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Monday, July 22, 2013

Biofeedback & Meditation


Biofeedback
Biofeedback is a therapeutic technique that claims to teach you how to control physical responses, such as breathing, hand temperature, muscle tension, heart rate and blood pressure, which are not normally controlled voluntarily.

The way you achieve this control is by learning how to focus on and modify signals from your body. For instance, in the case of asthma, biofeedback could help you to learn to control your breathing and bring down your anxiety level when your symptoms start to flare up.

Chances are you have used biofeedback yourself. You've used it if you have ever taken your temperature or stepped on a scale. The thermometer tells you whether you're running a fever, the scale whether you've gained weight. Both devices "feed back" information about your body's condition. Armed with this information, you can take steps you've learned to improve the condition. When you're running a fever, you go to bed and drink plenty of fluids. When you've gained weight, you resolve to eat less and sometimes you do.

Several different relaxation exercises are used in biofeedback therapy, including:



Deep breathing: Deep breathing is a simple but very effective method of relaxation. It is a core component of everything from the "take ten deep breaths" approach to calming someone down, right through to yoga relaxation and meditation. It works well in conjunction with other relaxation techniques such as Progressive Muscular Relaxation, relaxation imagery and meditation to reduce stress.

Progressive muscle relaxation: Progressive Muscular Relaxation is useful for relaxing your body when your muscles are tense. 

The idea behind PMR is that you tense up a group of muscles so that they are as tightly contracted as possible. Hold them in a state of extreme tension for a few seconds. Then, relax the muscles to their previous state. Finally, consciously relax the muscles even further so that you are as relaxed as possible.

·         Guided imagery : concentrating on a specific image (such as the color and texture of an orange) to focus your mind and make you feel more relaxed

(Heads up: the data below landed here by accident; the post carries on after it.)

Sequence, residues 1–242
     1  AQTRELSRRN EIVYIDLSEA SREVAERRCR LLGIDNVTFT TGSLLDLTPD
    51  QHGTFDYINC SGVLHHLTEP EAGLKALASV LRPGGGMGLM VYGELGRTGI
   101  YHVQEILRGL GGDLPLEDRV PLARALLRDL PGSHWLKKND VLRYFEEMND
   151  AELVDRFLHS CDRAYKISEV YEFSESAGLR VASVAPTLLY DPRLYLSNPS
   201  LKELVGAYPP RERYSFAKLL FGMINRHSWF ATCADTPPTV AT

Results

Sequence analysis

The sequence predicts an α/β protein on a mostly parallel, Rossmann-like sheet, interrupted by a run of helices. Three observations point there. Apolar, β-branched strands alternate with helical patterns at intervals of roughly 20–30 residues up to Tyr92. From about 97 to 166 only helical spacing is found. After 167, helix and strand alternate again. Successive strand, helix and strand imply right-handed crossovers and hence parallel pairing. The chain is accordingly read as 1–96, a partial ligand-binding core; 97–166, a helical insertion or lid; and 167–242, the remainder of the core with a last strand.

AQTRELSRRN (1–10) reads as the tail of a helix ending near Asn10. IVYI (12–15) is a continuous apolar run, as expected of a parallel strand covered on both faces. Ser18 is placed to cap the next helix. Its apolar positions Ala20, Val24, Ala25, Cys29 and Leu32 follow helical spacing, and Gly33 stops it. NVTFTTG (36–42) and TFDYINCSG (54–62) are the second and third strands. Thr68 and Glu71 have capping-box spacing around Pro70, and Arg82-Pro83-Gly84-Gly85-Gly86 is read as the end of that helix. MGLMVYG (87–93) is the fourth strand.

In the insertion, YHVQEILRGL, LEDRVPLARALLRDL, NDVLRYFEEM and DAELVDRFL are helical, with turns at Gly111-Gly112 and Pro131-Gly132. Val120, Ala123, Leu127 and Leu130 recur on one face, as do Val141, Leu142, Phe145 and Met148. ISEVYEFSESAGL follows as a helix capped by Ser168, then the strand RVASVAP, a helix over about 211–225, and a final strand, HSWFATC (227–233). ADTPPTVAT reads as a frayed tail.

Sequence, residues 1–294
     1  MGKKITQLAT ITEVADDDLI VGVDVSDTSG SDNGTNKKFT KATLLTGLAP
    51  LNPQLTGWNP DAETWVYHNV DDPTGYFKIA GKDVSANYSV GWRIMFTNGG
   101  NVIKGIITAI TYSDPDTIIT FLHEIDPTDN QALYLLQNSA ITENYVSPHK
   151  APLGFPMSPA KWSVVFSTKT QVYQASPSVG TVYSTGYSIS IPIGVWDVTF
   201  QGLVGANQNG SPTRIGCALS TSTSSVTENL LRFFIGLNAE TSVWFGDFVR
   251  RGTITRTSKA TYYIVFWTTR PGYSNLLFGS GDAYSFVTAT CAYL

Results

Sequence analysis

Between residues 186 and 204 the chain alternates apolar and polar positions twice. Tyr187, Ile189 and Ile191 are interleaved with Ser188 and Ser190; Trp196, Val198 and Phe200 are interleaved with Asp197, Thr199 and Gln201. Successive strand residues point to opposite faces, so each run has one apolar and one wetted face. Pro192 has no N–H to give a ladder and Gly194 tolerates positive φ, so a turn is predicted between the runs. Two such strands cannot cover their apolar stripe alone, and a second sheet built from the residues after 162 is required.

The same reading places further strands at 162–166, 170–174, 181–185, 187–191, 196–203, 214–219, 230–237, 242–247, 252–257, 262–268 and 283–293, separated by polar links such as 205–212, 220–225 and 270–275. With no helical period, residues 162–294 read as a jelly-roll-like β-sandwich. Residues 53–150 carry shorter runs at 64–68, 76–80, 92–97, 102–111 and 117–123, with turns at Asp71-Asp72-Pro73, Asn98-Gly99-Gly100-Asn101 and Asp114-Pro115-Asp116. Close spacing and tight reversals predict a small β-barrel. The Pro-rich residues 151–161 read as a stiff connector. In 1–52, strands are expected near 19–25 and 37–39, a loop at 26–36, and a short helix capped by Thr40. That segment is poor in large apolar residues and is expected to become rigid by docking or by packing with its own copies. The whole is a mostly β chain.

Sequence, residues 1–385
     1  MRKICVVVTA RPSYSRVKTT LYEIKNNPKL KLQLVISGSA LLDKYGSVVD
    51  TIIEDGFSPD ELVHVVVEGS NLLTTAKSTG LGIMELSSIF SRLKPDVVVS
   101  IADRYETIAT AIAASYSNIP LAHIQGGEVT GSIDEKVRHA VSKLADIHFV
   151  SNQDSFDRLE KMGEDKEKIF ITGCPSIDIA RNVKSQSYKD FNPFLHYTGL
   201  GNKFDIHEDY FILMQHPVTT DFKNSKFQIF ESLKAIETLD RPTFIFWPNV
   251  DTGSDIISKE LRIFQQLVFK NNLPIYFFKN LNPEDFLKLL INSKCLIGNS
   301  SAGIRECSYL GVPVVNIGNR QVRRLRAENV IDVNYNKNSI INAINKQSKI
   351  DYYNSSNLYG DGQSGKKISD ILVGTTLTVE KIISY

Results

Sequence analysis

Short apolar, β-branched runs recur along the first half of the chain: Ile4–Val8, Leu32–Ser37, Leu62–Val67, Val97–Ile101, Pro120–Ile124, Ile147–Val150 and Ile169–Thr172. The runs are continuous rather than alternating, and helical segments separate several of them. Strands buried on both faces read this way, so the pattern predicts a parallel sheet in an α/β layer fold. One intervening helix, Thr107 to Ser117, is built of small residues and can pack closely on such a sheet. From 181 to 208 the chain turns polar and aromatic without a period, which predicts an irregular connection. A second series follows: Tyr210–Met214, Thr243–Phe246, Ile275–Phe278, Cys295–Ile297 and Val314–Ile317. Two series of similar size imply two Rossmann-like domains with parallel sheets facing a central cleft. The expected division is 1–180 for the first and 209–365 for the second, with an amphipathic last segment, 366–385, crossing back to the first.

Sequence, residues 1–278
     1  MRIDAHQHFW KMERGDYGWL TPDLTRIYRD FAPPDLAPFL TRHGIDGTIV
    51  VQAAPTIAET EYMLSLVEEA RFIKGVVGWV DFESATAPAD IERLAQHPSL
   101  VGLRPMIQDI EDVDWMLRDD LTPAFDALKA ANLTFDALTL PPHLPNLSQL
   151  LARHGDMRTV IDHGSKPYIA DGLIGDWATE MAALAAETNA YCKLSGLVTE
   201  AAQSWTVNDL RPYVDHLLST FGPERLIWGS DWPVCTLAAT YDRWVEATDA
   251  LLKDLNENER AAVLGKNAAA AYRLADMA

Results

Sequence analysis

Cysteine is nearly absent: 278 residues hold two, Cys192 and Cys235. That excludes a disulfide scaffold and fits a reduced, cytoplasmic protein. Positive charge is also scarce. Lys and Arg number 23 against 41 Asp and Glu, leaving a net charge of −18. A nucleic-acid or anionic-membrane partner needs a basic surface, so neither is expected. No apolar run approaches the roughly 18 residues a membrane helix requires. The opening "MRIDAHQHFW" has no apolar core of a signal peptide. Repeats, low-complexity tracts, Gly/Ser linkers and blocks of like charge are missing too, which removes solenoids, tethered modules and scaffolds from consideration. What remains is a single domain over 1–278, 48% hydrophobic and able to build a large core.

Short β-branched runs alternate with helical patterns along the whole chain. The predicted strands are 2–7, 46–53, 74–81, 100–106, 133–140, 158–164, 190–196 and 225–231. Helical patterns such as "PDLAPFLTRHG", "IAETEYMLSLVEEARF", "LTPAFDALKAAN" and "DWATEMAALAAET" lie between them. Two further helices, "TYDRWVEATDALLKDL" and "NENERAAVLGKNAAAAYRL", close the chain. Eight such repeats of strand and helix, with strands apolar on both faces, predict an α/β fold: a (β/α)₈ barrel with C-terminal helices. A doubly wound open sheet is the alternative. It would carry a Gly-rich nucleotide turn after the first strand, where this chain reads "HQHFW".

·         Mindfulness meditation :focusing your thoughts and letting go of negative emotions
As you slow your heart rate, lower your blood pressure, and ease muscle tension, you'll get instant feedback on the screen. Eventually you'll learn how control these functions on your own, without the biofeedback equipment.


Meditation

Meditation is a mental discipline often described as deep thought or contemplation of a single thing (such as a symbol, sound or object). The practice aims to produce a state of inner calm, peace and heightened awareness, bringing physical, emotional and spiritual benefits.
For people with asthma, meditation can be a valuable adjunct to medication in terms of helping you to cope with stress in your life that could exacerbate your condition.

What the studies show One study of 20 children with non-steroid-dependent asthma who received either biofeedback for facial tension or were in a control group found that the perception of asthma severity decreased significantly in the biofeedback group as compared with the control group, although there was no effect on lung function.

Precautions None; biofeedback is safe when performed properly.

Biofeedback may help you to control stress, which tends to make people more aware of any chronic illness. There is little good evidence that it improves asthma or reduces the need for medications.
Biofeedback is a treatment technique in which people are trained to improve their health by using signals from their own bodies. Physical therapists use biofeedback to help stroke victims regain movement in paralyzed muscles. Psychologists use it to help tense and anxious clients learn to relax. Specialists in many different fields use biofeedback to help their patients cope with pain.


How is Biofeedback Used Today?
Clinical biofeedback techniques that grew out of the early laboratory procedures are now widely used to treat an ever-lengthening list of conditions. These include:
·         Migraine headaches, tension headaches, and many other types of pain
·         Disorders of the digestive system
·         High blood pressure and its opposite, low blood pressure
·         Cardiac arrhythmias (abnormalities, sometimes dangerous, in the rhythm of the heartbeat)
·         Raynaud's disease (a circulatory disorder that causes uncomfortably cold hands)
·         Epilepsy
·         Paralysis and other movement disorders


3 comments:

  1. Thanks for the informative knowledge about meditation and methods of meditation. It is very essential path of life to know yourself better.

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  2. Very informative and unique tips dear. Thanks for sharing :)
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  3. Very informative and unique tips dear. Thanks for sharing :)
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